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The Uncontrollable Child: Family and Educational Interventions

The Uncontrollable Child: Family and Educational Interventions

It is estimated that about 20% of children and adolescents meet criteria for a mental health disorder, and a high percentage of these youths are impaired by disruptive behavior problems. Children with disruptive behavior problems include those who meet criteria for attention-deficit/hyperactivity disorder (ADHD), oppositional defiant disorder (ODD), or conduct disorder (CD), as well as those who have impairments related to disruptive behavior who may not meet formal criteria for one of these diagnoses. While medication is generally an effective treatment for children with disruptive behavior problems, in particular ADHD,1 some form of nonpharmacological treatment is often necessary to help these children function normally in academic and social settings.

A wide range of nonpharmacological interventions have been shown to be effective in managing family and school impairments associated with disruptive behavior problems. Psychosocial interventions can be family-based or school-based. (For a description of school-based interventions, see the review by Power and colleagues.2) In this article, we summarize empirically supported family-based psychosocial treatments for children aged 5 to 12 years with disruptive behavior problems, including ADHD, ODD, and CD. We emphasize family-based interventions that can have an effect on children's functioning in both family and school settings and that can be delivered within the pediatric primary care setting or in connection with a mental health practice. Because these interventions require slight adjustments depending on developmental stage and economic background of the child,3 we also review adaptations for working with preschool children, adolescents, and families from underserved populations.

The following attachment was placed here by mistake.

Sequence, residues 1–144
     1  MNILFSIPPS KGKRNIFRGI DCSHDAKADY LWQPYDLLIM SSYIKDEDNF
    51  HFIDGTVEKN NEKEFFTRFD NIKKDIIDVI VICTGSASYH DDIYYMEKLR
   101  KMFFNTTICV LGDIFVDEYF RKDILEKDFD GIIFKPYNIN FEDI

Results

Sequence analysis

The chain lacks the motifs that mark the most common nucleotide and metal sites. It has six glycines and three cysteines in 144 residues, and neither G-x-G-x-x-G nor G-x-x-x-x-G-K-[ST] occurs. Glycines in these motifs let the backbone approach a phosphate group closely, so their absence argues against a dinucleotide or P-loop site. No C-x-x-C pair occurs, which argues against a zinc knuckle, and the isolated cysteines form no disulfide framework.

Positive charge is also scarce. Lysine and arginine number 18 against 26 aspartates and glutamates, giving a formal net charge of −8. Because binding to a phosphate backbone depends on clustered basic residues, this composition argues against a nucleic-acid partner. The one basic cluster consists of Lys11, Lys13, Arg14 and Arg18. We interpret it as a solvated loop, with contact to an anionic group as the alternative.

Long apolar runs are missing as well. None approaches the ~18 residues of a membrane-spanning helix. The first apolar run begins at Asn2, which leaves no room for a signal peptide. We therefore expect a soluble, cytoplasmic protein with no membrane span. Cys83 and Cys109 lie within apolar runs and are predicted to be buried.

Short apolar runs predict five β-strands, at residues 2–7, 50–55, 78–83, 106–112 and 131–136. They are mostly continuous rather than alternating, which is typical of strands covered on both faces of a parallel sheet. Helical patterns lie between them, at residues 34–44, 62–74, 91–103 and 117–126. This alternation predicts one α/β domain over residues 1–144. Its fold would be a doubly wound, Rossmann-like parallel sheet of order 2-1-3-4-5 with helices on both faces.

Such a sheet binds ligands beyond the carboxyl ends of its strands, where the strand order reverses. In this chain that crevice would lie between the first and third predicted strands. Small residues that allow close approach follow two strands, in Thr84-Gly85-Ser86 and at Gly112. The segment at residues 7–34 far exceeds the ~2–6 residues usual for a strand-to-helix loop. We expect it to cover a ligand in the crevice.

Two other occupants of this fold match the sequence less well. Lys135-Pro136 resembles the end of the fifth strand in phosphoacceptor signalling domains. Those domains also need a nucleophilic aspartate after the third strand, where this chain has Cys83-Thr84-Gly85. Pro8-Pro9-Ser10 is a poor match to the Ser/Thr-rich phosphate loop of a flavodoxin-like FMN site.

Unfortunately, well below 50% of children who need mental health care actually receive services. Children and adolescents who are least likely to receive services are those belonging to racial and ethnic minority groups, who are disproportionately represented among the poor and uninsured in this nation.4 Barriers to mental health care can be divided into access problems (cost of services, availability of care) and family beliefs (lack of trust in health care system or providers, unfavorable views about evidence-based treatments) that may preclude engagement in services.5

Pediatric primary care practices and schools are major venues for the delivery of mental health services to children and adolescents. Providing mental health services in these settings can improve access and help overcome some of the barriers to care. Nonetheless, when addressing the needs of youths with disruptive behavior problems, pediatric providers face substantial challenges, including limited time, reimbursement issues, and lack of mental health care training.6 Models of collaborative practice with mental health providers have been developed to address these limitations and are discussed in this article in an effort to help pediatricians implement evidence-based interventions.


Family-based behavioral interventions. More than 4 decades of research indicate that family-based psychosocial interventions are effective treatments for children with ADHD, ODD, or CD.7-9 These interventions are guided primarily by attachment theory, social learning principles, and cognitive-behavioral theories of change that involve both altering antecedents and consequences of behavior and building cognitive skills. Often referred to as “parent training” programs, effective family-based interventions are typically parent-mediated in that the bulk of therapeutic work is conducted face-to-face with parents in an effort to modify the home environment and patterns of parent-child interaction.

Parent training protocols involve a number of common elements in that they:

• Educate parents about their child's condition and how symptoms lead to concerns at home, at school, and with peers.

• Teach parents ways to establish or maintain a warm and positive relationship that facilitates attempts to regulate their children's behavior.

• Help parents implement behavior management skills at home. Specific skills include the use of effective commands and positive reinforcement/praise in response to appropriate behavior, the development of a contingency management system (ie, token economy, point system), and the use of strategic punishment.

The goal of parent training protocols that address childhood ADHD, ODD, antisocial behavior, and other externalizing problems is to improve relationships among family members and teach effective behavior management strategies. Depending on the nature of the problem, parent training programs can be delivered via group treatment with parents and children, individual treatment with parents only, or individualized family treatment. Parent training programs typically last between 10 and 20 weekly or biweekly sessions, with follow-up “booster sessions” to track progress and problem-solve future challenges.


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